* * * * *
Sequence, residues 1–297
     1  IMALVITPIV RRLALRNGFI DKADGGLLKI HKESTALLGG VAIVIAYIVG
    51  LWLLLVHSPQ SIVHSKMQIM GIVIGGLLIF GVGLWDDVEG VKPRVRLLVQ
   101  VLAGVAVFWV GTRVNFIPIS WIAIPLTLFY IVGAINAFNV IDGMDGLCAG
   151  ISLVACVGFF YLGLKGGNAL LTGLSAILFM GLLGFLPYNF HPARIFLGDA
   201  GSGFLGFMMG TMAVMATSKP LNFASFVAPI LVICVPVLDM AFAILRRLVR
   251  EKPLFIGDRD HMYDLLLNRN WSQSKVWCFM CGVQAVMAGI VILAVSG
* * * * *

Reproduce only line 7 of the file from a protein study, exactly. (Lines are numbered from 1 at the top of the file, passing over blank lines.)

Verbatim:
   251  EKPLFIGDRD HMYDLLLNRN WSQSKVWCFM CGVQAVMAGI VILAVSG